On October 18, 2007, Plaintiffs filed a copyright infringement action seeking damages and injunctive relief as a result of the allegedly unauthorized use of Plaintiffs' sound recordings detected by MediaSentry. Plaintiffs initially filed this action as a "Doe" lawsuit and subsequently amended the Complaint after Defendant's identity was obtained from Allegheny College pursuant to a Rule 45 subpoena. In their Amended Complaint, Plaintiffs request injunctive relief pursuant to 17 U.S.C. §§ 502-503, statutory damages in the amount of $750 per song pursuant to 17 U.S.C. § 504(c), and costs pursuant to 17 U.S.C. § 505.
At his deposition, Defendant testified that the Ares program had been installed on his computer by a friend of his and that he "occasionally" used the program. (Walker Deposition, March 13, 2009, pp. 38, 60-62, 65). Defendant admits that he used Ares to search for and download songs from other Ares users. (Walker Depo., pp. 68-69, 71-72, 76, 81, 84, 93, 96). Defendant did not pay for those downloads. (Walker Depo., p. 93, 96). Defendant acknowledged that he placed music into the shared folder of his Ares program and that, by doing so, he was making that music available to other Ares users for illegal download and distribution, although he was not aware of that at the time. (Walker Depo., pp. 91, 93-96). Defendant admits that he did so without the permission of the owners of the copyrights for those sound recordings. (Walker Depo., p. 95). Defendant further testified that he never added comments or keywords to the metadata of any of his music files and, indeed, had no knowledge of how to do so. (Walker Depo., pp. 41-42).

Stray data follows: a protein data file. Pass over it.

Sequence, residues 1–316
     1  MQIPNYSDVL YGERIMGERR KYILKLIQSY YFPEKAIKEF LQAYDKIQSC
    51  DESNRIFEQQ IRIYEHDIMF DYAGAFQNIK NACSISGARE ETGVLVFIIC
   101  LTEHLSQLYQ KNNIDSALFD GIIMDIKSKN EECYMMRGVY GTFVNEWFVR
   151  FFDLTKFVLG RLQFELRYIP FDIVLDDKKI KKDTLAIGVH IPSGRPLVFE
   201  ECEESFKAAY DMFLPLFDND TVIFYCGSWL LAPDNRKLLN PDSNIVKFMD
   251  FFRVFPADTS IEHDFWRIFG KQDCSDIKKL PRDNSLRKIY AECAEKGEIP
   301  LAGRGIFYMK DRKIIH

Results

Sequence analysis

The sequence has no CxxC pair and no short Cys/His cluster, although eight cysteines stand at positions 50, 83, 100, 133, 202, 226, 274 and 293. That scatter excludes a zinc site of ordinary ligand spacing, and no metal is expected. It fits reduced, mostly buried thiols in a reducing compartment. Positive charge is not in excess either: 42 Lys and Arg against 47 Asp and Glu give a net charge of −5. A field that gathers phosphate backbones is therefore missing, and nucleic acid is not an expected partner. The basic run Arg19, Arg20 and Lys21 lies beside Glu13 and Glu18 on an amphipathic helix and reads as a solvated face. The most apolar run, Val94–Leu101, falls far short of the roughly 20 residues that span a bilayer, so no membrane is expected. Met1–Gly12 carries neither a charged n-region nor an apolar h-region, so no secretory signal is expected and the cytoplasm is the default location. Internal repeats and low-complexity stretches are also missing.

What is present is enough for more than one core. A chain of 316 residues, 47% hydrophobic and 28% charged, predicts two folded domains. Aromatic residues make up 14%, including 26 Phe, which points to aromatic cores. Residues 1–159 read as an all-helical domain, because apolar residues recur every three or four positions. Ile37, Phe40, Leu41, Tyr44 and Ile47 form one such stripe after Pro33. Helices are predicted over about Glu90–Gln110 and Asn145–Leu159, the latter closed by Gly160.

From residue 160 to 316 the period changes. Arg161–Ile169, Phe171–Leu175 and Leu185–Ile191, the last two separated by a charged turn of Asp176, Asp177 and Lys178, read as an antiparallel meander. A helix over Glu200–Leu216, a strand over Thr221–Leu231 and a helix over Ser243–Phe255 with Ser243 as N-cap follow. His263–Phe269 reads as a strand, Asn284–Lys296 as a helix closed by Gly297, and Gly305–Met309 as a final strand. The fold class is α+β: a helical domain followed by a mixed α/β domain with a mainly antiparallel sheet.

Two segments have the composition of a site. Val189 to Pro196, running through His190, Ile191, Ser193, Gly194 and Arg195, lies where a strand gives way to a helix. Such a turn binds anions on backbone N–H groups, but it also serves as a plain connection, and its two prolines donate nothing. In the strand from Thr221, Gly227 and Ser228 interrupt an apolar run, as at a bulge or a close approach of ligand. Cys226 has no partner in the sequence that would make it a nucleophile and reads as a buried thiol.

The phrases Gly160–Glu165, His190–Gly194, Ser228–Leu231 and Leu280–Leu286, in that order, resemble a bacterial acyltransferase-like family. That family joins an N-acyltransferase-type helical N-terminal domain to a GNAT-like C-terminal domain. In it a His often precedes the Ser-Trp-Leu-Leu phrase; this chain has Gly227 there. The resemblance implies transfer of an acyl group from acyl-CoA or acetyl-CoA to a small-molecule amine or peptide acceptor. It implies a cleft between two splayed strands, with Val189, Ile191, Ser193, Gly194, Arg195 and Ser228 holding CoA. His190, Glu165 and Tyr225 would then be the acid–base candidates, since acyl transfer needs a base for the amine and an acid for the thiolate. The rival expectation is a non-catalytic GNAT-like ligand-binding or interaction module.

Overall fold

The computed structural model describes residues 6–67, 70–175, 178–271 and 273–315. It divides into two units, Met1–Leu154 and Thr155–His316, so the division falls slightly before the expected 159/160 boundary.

At all times relevant to this action, Defendant shared a dorm room with various roommates, each of whom had their own computers. (Walker Depo., pp. 9-13, 43). Defendant's computer was located in his bedroom, rather than a common area, but did not have a password or other form of protection designed to restrict access. (Walker Depo., p. 50). Defendant never gave permission to any of his roommates to use his computer and could not recall any specific instance in which anyone other than himself used it. (Walker Depo., pp. 50-51, 56).
The Court has jurisdiction over Plaintiffs' claims of copyright infringement pursuant to 28 U.S.C. §§ 1331, 1338.
Federal Rule of Civil Procedure 56(c)(2) provides that summary judgment shall be granted if the "pleadings, the discovery and disclosure materials on file, and any affidavits show that there is no genuine issue as to any material fact and that the movant is entitled to judgment as a matter of law." Rule 56(e) further provides that when a motion for summary judgment is made and supported, "an opposing party may not rely merely on allegations or denials in its own pleading; rather, its response must -- by affidavits or as otherwise provided in this rule -- set out specific facts showing a genuine issue for trial. If the opposing party does not so respond, summary judgment should, if appropriate, be entered against that party."
A district court may grant summary judgment for the defendant when the plaintiff has failed to present any genuine issues of material fact. See Fed. R. Civ. P. 56(c); Krouse v. American Sterilizer Company, 126 F.3d 494, 500 n.2 (3rd Cir. 1997). The moving party has the initial burden of proving to the district court the absence of evidence supporting the non-moving party's claims. Celotex Corp. v. Catrett, 477 U.S. 317 (1986); Country Floors, Inc. v. Partnership Composed of Gepner and Ford, 930 F.2d 1056, 1061 (3rd Cir. 1990). Further, "[R]ule 56 enables a party contending that there is no genuine dispute as to a specific, essential fact 'to demand at least one sworn averment of that fact before the ...